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The $15 minimum wage has become the left's favourite wedge issue. But manufacturing class conflict by pitting the self-declared champions of the working poor against fat-cat capitalists is not just lazy politics. It's lazy policy and, yes, it will hurt the very people its proponents claim it will help.

Ontario Premier Kathleen Wynne knows this, or at least she should given the overwhelming weight of evidence on the topic from independent analysts. Instead, her government relied on a single narrowly-focused report by two labour arbitrators to justify its move to boost the province's minimum wage to $14 now – and $15 in 2019, provided it wins re-election.

Since Ms. Wynne became Premier in 2013, Ontario's minimum wage has increased by 37 per cent, or by more than five times the rate of inflation. At about 57 per cent of the median hourly wage of $24.73 in 2016, it is well beyond the level at which employers typically replace unskilled labour with capital – that's robots, in everyday language.

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This has already happened in many parts of Europe, where high minimum wages price low-skilled workers out of the job market, robots take your orders and youth unemployment is stuck above 20 per cent.

Ontario's labour market is the healthiest it's been in a decade, so wages would be going up, anyway, right?

Yes, Ontario's average hourly wage increased by 2.7 per cent to $26.98 in December, from a year ago, according to Statistics Canada. But at $16.62, the average hourly wage in sales and service occupations was up only 1 per cent and hourly wages for part-time employees actually fell by 0.7 per cent.

What this indicates is that there is not a single labour market in Ontario, but many different ones. Some industries and professions requiring higher-skilled workers are facing labour shortages, while many low-skilled workers still struggle to find stable, full-time jobs. A 20-per-cent overnight increase in the minimum wage only makes life harder for these people by pricing them out of a job.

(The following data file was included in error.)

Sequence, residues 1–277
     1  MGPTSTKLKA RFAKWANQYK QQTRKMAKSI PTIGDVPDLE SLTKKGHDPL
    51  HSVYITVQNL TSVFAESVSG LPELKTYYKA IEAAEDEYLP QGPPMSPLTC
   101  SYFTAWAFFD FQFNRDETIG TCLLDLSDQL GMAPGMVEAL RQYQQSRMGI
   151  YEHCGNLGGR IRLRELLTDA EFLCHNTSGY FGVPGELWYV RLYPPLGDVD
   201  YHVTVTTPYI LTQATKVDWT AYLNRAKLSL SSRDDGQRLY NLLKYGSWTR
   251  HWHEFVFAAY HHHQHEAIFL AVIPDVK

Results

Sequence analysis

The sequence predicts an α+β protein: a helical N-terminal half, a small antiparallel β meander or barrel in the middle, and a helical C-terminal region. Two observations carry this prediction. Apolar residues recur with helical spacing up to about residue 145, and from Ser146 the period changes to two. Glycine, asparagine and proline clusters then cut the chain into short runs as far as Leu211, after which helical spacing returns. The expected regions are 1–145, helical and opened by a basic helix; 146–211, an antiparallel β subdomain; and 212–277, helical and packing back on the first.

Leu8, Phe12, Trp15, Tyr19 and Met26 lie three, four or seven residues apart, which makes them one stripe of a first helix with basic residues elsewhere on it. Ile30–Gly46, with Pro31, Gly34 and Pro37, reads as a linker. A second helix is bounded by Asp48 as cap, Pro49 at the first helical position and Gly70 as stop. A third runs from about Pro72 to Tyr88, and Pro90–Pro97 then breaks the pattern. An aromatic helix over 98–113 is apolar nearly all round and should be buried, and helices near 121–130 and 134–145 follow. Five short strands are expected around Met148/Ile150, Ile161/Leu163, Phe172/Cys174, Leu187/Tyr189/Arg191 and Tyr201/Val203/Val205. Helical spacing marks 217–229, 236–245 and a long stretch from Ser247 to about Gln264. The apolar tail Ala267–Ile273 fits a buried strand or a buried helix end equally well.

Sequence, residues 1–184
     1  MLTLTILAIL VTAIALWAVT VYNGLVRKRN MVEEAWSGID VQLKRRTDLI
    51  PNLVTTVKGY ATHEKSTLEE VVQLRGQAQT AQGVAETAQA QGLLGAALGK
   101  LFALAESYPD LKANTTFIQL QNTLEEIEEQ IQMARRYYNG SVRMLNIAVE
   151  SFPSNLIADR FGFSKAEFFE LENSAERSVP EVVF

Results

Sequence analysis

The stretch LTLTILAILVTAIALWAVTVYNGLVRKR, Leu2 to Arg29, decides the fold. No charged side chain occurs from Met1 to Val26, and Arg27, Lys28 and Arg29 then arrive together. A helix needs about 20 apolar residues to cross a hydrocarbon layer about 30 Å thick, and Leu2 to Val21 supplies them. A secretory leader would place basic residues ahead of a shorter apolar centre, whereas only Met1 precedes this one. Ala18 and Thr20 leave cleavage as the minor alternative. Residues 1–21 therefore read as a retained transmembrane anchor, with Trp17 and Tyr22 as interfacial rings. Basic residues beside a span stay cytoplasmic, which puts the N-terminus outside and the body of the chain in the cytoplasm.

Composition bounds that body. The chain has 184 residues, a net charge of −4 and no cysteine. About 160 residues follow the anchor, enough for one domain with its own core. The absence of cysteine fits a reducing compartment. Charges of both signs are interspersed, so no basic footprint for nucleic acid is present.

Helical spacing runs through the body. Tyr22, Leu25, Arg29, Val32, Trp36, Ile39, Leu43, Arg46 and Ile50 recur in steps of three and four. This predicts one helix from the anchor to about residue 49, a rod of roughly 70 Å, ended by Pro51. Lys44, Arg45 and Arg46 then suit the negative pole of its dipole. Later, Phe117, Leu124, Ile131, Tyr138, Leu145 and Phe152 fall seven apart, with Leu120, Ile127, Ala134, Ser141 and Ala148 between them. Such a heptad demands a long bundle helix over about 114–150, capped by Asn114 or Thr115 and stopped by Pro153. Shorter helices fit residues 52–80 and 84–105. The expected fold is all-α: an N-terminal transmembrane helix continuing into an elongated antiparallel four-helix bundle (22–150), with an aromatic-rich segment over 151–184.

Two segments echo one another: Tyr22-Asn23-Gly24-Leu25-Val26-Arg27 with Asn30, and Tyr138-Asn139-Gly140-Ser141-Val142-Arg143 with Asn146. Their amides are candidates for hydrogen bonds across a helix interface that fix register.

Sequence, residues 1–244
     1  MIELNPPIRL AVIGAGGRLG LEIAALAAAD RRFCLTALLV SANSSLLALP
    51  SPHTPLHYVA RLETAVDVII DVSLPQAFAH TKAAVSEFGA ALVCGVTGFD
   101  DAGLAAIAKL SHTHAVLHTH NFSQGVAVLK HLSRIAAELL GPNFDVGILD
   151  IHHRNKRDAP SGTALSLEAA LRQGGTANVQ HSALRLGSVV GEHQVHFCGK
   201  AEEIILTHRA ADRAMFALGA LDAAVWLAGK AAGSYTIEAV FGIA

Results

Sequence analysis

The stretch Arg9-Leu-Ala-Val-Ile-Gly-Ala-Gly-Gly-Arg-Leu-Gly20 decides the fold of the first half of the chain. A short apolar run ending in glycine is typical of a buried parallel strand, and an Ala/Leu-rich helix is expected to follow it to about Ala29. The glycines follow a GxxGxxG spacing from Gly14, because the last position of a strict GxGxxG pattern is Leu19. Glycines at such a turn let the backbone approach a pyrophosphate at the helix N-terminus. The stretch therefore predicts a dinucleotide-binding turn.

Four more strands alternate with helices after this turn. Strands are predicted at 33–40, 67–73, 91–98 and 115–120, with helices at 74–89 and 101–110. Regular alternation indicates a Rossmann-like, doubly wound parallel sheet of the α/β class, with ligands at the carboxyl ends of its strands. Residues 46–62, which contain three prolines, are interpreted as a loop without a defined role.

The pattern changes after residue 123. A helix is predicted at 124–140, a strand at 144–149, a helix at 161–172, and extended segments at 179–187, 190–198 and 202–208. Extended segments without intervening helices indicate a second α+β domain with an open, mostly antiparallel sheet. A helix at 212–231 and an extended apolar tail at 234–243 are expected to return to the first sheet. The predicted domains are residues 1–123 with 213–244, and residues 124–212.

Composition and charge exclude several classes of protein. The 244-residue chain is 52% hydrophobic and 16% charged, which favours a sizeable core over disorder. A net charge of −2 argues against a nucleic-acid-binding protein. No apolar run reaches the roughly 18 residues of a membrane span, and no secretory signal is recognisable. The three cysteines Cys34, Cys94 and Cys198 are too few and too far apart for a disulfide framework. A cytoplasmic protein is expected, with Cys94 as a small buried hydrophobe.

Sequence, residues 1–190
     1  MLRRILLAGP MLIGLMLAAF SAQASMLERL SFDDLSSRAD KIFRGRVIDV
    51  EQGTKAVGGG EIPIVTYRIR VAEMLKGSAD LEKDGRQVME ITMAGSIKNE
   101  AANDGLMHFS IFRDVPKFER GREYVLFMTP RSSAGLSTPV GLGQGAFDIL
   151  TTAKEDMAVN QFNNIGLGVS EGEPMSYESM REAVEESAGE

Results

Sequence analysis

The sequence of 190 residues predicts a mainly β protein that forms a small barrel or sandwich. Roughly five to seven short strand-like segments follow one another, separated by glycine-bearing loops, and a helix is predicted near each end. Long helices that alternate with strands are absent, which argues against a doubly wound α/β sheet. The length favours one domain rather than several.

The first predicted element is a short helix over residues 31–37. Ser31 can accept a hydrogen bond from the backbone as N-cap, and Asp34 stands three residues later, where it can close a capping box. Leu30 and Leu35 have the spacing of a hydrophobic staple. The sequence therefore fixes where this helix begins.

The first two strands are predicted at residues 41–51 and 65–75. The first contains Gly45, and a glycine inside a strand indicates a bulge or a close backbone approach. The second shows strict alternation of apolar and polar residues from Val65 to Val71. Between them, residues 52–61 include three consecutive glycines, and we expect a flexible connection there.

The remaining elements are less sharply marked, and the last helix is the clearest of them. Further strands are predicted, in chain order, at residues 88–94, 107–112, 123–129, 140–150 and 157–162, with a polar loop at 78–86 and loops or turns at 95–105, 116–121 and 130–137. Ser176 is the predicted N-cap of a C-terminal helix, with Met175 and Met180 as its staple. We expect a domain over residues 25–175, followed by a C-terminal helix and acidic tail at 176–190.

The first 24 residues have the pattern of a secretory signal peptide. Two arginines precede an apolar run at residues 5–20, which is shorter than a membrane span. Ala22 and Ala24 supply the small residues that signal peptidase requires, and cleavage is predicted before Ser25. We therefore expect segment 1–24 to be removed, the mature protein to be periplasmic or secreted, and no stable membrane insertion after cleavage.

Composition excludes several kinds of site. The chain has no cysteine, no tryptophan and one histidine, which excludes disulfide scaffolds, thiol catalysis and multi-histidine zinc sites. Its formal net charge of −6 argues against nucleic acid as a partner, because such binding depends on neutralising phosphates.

The minimum wage is a blunt instrument. It cannot be set arbitrarily at an artificially high rate (or low one, for that matter) without generating undesirable consequences. Nor does raising the minimum wage increase the purchasing power of low-income workers if employers simply pass on higher labour costs by boosting prices or by cutting employee hours and benefits.

The Bank of Canada estimates that recent increases in minimum wages across Canada, but principally in Ontario, will reduce employment by 60,000 in 2018.  But it's where those jobs will be lost – in the lower-paying service sector – that hurts vulnerable workers the most.

This exposes the faulty logic of the Wynne government's Changing Workplaces Review conducted by labour arbitrators C. Michael Mitchell and John C. Murray. They looked at the number of Ontario workers who made less than the median income and/or earned less than 150 per cent of the minimum wage in 2014 of $11 an hour. They use this data to derive the proportion of Ontario workers they consider vulnerable at about 32 per cent of all workers.

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The first problem with this analysis is that it considers only pretax employment income. This ignores substantial government transfers to low-income workers, which significantly boosts their after-tax income. The $23-billion Canada Child Benefit, an income-based program introduced by the current Liberal government to replace universal Conservative-era programs, pays out up to $6,400 to families for each child under 6 and as much as $5,400 for those between 6 and 17. The Liberals have pledged to index payments to inflation starting in July.

Another federal program aimed at the working poor – the Working Income Tax Benefit – pays out up to $1,200 to single workers in Ontario earning less than $12,000, a sum that phases out as income rises. Families earning less than $17,000 are eligible for up to almost $2,200 in WITB. The rates vary somewhat in provinces that have harmonized the WITB with their own programs.

While the federal Liberals have promised to increase the $1.1-billion program by $500-million, there is a strong case to be made for making even more dramatic enhancements to the WITB. Former Conservative leadership candidate Michael Chong proposed doubling benefits, but tripling or even quadrupling the WITB is worth considering.

The WITB earns near universal plaudits from economists, business people and social advocates alike since it encourages low-skilled workers to choose employment over welfare without raising labour costs for employers. This, rather than manufacturing class warfare, is how you help the working poor.

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